The recent fluctuations in China’s currency typify the best and worst of a globalized world, where developments in one place can instantly change the political and financial calculations of governments in others. For most of human history, the communities, cultures and economies of the world existed independently of one another, separated as they were by vast distances and difficult terrain. It would, for instance, take months or even years for news of China to reach Europe across the great Silk Road trading route during the height of its use some 1,000 years ago. Even then, the communities along that route could hardly be considered entirely coherent.
But that is clearly no longer the case. And now, as China continues to adjust the yuan, markets throughout the world will react accordingly, even as they react differently.
Transforming from an export-led economic model to a consumption-led one could be described as changing from being like Germany to being like the United States, and China has tried to reproduce some of the advantages that the United States has created for itself in the same role. One of those advantages is the dominant position of the U.S. dollar in world trade, which means U.S. consumers can go deeply into debt and global demand for dollars will delay the moment at which this comes to a head by those debts being catastrophically called in. Thus China sought to grow international usage of the yuan, making strides in its attempts to do so. The next step would be for the yuan to be accepted into the International Monetary Fund’s “currency,” the Special Drawing Right. However, the IMF has said that China would need to liberalize its currency before such a step could take place. The IMF makes the decision every five years, with one originally set for November this year, though the institution recently announced that any changes will not be implemented until October 2016.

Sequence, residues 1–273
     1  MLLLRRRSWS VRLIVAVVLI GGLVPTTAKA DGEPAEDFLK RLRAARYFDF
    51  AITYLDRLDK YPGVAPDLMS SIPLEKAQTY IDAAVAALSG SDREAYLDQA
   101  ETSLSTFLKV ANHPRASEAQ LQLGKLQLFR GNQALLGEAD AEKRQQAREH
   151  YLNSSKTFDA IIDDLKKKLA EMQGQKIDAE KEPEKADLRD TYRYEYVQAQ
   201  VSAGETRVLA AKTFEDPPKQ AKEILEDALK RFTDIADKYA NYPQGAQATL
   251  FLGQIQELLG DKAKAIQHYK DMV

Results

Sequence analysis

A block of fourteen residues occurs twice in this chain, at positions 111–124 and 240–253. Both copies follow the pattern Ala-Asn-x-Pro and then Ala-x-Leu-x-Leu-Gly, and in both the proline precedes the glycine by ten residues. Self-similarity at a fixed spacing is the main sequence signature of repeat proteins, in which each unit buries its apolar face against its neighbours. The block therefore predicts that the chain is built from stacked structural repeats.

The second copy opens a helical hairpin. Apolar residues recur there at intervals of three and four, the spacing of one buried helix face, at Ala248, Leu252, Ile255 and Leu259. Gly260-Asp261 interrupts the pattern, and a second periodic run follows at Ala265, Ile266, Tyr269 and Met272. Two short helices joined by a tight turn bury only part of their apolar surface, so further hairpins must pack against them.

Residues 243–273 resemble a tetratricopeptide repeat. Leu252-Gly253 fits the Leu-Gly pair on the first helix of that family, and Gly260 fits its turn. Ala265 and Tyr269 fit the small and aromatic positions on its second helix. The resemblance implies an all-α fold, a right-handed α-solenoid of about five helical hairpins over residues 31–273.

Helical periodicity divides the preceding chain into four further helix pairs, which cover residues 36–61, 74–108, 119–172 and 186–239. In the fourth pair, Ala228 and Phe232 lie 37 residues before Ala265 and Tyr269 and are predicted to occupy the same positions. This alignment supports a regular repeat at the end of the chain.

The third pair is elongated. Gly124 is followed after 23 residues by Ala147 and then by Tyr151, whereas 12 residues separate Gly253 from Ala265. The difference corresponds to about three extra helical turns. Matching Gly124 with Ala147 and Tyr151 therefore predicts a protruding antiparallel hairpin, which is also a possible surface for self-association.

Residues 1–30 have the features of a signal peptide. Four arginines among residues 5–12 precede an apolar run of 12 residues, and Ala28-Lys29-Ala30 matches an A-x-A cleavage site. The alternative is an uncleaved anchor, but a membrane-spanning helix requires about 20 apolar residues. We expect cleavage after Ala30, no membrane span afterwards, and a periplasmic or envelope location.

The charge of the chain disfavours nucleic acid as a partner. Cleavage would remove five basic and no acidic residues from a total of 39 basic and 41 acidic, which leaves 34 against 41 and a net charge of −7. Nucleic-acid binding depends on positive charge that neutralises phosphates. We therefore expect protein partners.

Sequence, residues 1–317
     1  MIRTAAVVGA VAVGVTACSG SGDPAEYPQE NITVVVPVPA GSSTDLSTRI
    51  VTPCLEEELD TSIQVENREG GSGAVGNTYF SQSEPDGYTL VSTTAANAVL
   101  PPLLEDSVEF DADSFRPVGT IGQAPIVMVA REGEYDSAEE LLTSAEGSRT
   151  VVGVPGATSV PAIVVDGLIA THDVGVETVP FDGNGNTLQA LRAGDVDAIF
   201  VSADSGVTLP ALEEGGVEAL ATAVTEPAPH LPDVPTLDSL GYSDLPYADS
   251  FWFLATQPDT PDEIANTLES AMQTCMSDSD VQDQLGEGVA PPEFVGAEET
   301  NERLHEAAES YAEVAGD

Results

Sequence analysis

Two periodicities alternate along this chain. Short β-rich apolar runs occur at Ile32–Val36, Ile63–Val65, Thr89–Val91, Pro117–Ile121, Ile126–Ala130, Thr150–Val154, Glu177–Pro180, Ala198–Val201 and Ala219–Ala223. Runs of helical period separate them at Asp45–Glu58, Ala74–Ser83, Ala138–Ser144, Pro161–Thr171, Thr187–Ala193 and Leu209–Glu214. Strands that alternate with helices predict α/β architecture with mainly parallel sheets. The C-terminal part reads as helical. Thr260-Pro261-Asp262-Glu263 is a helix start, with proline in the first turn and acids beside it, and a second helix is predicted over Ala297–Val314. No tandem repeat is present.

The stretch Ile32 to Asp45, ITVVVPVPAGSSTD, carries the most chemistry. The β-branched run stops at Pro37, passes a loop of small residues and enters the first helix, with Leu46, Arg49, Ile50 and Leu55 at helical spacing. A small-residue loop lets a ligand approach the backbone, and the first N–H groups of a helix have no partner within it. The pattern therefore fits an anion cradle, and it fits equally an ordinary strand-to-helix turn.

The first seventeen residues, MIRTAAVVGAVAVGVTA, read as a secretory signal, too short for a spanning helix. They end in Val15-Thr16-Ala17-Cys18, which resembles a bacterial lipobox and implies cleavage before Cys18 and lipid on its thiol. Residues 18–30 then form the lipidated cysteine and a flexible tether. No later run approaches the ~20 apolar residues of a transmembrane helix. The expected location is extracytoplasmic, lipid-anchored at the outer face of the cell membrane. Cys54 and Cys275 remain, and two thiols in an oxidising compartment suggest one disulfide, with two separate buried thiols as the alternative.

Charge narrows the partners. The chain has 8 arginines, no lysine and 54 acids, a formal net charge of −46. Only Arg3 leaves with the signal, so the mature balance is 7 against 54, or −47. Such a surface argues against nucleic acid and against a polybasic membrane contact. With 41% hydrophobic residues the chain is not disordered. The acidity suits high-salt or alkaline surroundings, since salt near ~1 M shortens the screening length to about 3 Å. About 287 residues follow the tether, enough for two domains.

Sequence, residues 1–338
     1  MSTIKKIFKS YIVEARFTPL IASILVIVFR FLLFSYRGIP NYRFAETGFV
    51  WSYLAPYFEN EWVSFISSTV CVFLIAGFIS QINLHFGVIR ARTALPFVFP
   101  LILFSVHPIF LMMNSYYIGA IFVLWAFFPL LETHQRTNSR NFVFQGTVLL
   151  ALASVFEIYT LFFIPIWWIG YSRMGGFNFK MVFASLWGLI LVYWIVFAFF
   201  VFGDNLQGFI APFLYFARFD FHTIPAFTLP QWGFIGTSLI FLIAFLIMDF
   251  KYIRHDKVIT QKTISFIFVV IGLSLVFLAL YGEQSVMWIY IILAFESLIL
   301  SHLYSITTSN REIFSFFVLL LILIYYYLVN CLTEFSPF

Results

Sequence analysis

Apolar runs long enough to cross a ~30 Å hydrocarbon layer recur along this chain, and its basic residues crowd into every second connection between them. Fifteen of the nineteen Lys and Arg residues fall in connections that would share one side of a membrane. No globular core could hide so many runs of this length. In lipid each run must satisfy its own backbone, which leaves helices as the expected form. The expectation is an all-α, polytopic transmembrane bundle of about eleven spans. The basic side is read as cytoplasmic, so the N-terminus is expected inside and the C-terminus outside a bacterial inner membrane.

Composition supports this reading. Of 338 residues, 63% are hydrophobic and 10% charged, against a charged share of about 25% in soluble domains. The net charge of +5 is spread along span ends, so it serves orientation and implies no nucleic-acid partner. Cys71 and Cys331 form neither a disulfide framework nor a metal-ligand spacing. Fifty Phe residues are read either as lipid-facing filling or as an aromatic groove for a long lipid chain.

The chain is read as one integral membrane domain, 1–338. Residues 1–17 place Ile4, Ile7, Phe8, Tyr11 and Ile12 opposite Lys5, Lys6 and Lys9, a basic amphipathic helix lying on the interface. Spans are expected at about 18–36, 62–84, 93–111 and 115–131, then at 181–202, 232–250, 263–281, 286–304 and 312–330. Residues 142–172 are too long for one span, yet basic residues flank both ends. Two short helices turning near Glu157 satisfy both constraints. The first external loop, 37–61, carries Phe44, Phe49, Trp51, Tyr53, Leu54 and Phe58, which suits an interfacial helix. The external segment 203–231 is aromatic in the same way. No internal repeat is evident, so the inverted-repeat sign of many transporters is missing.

Meanwhile, the peg to the dollar aided China’s strategy as the strengthening dollar over the past two years enabled the yuan to rise alongside it relative to the world’s other floating currencies, empowering Chinese consumers and helping the changeover from an export- to consumption-based economy. But low global demand has not created a good climate for such change, and growth has been unsteady during this period, slipping to 7 percent this year. The baton pass from an export-driven to consumption-driven economy is risky, and exports need to hold up long enough for the Chinese consumer — and building blocks such as the reserve currency — to develop. When export numbers for July showed an 8.3 percent fall year-on-year, all signs seemed to point toward aloosening of controls, which would both please the IMF and, if the Chinese currency continued to weaken as many in the market expected it to, help boost exports.
Imports and exports as a percentage of GDP is an important issue. It shows that country is gradually going over to self-sufficient economics. The “changeover from an export- to consumption-based economy” means two possibilities: 1) they make debts or print money or: 2) they ‘make’ money via investments. IV.
“How China’s Currency Policies Will Change the World is republished with permission of Stratfor.”